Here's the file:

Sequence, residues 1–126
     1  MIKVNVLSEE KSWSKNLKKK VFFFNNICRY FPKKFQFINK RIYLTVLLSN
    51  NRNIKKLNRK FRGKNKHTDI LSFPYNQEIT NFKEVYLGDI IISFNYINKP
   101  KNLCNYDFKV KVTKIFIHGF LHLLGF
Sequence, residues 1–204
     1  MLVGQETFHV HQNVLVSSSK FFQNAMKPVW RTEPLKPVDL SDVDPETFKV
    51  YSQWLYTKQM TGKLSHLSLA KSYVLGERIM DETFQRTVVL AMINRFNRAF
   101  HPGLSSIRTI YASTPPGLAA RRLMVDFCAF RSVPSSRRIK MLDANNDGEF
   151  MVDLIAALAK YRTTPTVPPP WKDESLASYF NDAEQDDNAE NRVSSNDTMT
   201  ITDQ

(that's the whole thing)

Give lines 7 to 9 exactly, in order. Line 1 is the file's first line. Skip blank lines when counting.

    51  YSQWLYTKQM TGKLSHLSLA KSYVLGERIM DETFQRTVVL AMINRFNRAF
   101  HPGLSSIRTI YASTPPGLAA RRLMVDFCAF RSVPSSRRIK MLDANNDGEF
   151  MVDLIAALAK YRTTPTVPPP WKDESLASYF NDAEQDDNAE NRVSSNDTMT